This section presents scientific facts and figures, articles, reports and videos supporting Miyawaki Forests as a "cheap, secret weapon to fighting climate change."
“Let nature be nature” is a powerful principle—let peatlands, grasslands, and forests continue to do what they do best by protecting them from human disturbance. Where ecosystems have been degraded, restoration can help them recuperate form and function, including absorbing and storing more carbon over time.
Creating new forests where there were none before is the aim of afforestation. Degraded pasture and agricultural lands, or other lands corrupted from uses such as mining, are ripe for strategic planting of trees and perennial biomass.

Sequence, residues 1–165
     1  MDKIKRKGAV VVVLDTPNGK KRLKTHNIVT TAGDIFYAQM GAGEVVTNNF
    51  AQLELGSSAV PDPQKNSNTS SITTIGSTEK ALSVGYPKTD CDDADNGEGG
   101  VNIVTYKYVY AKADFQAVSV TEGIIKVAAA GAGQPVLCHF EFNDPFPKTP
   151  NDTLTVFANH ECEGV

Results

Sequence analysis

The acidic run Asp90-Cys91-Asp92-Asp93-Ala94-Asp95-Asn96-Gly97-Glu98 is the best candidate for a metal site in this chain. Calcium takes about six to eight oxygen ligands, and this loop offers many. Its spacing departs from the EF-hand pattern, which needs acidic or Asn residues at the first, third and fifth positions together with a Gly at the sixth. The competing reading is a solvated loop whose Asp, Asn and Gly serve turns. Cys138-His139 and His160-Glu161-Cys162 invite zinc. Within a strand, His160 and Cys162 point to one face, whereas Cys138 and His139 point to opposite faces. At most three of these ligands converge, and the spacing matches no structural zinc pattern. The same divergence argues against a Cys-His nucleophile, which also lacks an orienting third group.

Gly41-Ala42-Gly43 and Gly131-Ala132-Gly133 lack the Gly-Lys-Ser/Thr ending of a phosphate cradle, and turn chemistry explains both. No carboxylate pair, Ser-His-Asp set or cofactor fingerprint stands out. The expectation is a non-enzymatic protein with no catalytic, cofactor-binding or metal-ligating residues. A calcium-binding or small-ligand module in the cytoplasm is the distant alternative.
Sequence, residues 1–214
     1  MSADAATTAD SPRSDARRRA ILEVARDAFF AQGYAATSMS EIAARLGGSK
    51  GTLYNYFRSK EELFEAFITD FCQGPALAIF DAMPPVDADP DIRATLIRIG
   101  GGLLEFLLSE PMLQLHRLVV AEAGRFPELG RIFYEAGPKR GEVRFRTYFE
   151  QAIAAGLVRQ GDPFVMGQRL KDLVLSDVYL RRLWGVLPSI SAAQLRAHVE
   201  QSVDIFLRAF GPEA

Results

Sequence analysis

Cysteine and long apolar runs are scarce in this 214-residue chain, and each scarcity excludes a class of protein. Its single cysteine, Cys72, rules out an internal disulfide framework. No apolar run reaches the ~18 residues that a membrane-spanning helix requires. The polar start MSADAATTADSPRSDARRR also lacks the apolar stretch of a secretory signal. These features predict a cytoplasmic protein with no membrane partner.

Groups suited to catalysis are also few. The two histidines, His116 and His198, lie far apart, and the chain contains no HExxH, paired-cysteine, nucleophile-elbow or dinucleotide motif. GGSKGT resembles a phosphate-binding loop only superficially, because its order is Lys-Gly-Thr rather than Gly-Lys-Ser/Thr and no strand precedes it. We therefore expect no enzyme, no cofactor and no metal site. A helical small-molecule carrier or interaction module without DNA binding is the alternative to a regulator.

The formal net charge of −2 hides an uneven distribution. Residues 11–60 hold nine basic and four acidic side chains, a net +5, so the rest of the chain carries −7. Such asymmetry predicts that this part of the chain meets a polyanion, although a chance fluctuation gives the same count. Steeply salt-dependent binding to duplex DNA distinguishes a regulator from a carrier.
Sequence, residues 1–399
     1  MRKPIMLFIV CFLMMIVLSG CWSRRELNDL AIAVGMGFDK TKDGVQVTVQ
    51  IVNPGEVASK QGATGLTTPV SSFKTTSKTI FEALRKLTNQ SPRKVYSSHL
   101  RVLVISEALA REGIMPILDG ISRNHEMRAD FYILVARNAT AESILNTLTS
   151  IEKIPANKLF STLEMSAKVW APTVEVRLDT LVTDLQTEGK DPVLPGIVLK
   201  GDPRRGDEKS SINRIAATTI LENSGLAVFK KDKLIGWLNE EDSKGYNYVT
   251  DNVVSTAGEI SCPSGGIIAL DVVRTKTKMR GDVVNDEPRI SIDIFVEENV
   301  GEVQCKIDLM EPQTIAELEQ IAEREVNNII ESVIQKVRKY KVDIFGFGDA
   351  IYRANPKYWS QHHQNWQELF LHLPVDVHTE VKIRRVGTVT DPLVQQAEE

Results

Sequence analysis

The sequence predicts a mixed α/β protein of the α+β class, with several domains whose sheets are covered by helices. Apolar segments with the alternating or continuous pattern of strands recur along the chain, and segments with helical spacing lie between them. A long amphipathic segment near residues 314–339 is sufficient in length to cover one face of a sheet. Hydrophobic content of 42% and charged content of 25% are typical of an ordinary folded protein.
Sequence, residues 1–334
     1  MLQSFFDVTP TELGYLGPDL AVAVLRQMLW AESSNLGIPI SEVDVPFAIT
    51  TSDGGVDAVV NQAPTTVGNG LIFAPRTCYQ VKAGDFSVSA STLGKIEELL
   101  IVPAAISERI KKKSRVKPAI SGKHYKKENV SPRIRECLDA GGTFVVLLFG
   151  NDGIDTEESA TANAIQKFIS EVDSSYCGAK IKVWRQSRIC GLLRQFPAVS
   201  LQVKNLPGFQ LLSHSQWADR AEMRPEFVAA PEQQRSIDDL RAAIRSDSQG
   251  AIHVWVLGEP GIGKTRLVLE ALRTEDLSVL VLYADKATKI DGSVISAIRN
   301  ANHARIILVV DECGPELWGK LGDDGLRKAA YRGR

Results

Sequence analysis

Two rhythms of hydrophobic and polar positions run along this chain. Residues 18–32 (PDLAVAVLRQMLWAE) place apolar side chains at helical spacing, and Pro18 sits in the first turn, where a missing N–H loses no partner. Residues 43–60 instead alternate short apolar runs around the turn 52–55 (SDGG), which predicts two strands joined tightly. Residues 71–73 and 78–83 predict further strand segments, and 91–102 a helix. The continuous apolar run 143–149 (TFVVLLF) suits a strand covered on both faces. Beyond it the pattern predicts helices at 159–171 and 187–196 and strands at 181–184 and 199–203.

Afforestation creates a carbon sink, drawing in and holding on to carbon and distributing it into the soil. Japanese botanist Akira Miyawaki devised a completely different method of afforestation. His fast-growing, dense plots of native species show that afforestation can draw down carbon, while supporting biodiversity, addressing human needs for firewood, food, and medicine, and providing ecosystem services such as flood and drought protection.